We previously reported on the duty of honesty created by the Supreme Court. In 2014, the Supreme Court held that the duty of honest performance requires the parties to a contract not to lie or mislead each other and to generally perform contractual duties reasonably.
In 2015, the courts applied this to negotiations on employment contracts.
In Antunes v. Limen Structures Ltd., Mr. Antunes was a successful independent contractor. He left this work to take a role as a Senior Project Manager. He did so based on representations his future employer made during their employment contract negotiations. The employer told him that the company was thriving and worth $10 million. It promised Mr. Antunes his shares would be worth $500,000 within one year of commencing employment. Unfortunately, the company was not financially stable. Mr. Antunes was terminated after five months employment. He sued for misrepresentation and wrongful dismissal.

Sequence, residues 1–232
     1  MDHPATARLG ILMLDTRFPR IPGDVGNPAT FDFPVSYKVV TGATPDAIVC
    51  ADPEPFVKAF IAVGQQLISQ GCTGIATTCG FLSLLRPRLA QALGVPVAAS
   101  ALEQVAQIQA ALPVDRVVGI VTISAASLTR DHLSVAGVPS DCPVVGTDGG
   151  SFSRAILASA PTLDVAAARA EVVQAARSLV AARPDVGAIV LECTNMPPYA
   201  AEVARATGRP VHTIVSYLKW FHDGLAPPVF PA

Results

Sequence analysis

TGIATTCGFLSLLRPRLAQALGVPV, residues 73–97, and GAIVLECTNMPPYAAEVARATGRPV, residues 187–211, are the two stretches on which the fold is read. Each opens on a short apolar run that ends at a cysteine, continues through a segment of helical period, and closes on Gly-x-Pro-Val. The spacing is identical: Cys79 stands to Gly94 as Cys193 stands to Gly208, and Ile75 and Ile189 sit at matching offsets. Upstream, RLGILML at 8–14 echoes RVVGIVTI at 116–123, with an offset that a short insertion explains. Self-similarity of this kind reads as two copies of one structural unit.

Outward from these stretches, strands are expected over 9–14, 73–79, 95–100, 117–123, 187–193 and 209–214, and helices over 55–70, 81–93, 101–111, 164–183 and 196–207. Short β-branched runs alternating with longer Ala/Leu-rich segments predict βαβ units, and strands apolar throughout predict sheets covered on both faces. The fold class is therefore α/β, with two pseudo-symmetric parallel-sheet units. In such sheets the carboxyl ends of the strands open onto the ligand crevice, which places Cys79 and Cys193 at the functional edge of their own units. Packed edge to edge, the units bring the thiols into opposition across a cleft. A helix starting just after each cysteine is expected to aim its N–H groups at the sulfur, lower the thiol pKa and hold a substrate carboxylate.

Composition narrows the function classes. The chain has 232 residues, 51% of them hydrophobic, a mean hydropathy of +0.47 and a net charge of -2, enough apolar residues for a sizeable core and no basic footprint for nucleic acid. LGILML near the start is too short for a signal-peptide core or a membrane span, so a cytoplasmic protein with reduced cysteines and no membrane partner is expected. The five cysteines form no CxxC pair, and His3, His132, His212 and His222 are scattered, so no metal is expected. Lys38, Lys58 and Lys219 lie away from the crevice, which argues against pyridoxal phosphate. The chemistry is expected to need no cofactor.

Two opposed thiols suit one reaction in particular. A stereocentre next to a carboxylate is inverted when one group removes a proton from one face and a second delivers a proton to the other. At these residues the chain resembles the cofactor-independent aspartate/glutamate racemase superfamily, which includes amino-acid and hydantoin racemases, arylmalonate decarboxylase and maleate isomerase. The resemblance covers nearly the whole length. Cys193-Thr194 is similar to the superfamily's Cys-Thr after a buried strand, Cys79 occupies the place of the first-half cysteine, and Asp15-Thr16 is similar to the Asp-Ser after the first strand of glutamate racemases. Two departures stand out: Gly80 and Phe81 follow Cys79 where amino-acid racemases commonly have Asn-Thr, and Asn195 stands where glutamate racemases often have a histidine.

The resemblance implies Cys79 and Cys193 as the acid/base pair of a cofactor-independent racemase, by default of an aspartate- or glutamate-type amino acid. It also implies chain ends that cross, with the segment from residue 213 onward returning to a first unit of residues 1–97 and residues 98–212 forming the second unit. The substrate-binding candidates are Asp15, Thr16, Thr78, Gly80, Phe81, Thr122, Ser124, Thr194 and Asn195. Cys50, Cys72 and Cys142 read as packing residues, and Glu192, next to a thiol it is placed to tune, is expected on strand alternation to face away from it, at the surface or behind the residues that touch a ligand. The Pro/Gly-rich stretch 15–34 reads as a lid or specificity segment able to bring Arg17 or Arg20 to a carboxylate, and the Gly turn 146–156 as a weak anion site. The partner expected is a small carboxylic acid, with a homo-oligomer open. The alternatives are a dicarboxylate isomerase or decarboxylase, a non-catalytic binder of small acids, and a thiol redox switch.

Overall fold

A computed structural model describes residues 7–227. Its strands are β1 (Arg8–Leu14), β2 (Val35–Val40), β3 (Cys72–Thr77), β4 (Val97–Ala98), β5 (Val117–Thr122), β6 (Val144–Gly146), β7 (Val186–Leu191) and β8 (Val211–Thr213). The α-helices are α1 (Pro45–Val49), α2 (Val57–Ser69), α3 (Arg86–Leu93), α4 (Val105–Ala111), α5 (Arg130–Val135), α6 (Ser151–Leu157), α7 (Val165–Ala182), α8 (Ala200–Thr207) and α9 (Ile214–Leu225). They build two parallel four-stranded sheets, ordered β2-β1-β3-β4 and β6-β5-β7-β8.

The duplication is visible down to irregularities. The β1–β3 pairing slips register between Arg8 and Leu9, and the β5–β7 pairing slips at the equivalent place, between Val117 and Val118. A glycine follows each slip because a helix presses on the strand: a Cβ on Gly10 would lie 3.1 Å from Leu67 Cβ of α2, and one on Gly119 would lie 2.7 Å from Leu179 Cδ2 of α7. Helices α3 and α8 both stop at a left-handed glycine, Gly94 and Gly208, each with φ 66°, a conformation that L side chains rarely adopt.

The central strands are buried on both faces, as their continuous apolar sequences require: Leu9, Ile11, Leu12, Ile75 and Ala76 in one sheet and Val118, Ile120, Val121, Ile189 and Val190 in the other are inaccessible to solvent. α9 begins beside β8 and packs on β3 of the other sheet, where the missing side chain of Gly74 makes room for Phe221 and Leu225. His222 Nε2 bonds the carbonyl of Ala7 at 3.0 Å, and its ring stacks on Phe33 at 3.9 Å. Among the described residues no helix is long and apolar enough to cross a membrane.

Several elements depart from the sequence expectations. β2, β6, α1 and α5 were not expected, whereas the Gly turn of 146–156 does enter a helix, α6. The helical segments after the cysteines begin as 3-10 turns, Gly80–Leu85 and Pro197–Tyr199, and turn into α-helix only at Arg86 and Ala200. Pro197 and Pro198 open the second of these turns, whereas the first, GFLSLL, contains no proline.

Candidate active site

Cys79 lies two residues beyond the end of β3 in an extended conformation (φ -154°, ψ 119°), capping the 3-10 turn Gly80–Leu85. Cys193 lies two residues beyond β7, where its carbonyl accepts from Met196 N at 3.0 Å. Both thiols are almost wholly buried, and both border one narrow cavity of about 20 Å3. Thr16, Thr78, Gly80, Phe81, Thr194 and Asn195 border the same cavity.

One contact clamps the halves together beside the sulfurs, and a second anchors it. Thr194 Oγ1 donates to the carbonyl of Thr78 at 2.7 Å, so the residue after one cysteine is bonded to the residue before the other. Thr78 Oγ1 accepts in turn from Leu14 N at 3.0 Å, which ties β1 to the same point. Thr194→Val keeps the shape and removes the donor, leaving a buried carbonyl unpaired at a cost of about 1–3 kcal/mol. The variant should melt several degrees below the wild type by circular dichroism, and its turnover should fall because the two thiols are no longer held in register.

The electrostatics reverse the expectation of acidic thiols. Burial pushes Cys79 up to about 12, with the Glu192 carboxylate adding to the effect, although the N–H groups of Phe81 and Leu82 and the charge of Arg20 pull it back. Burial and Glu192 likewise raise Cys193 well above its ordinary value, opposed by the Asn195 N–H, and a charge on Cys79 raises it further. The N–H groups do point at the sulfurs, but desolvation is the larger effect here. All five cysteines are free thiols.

The Ontario Superior Court ordered the company to pay Mr. Antunes eight months’ pay in lieu of notice as well as $500,000. This award was high for a wrongful dismissal case and the court based its decision, in part, on the company’s breach of the duty of honesty.
Leaving secure employment for a new position always requires careful thought. This is particularly true if you are leaving secure employment based on promises of future compensation or promotions. If a potential employer misrepresents information to you or fails to act honestly when negotiating an employment contract with you then the employer may be liable to pay you extra damages if you are terminated without cause. This is why it is often a good idea for you to have an employment lawyer review any offer of employment you receive from a prospective employment before accepting it.
If you would like to speak with an experienced employment lawyer about employment contracts or severance packages, please contact us at [email protected] or 647-204-8107.
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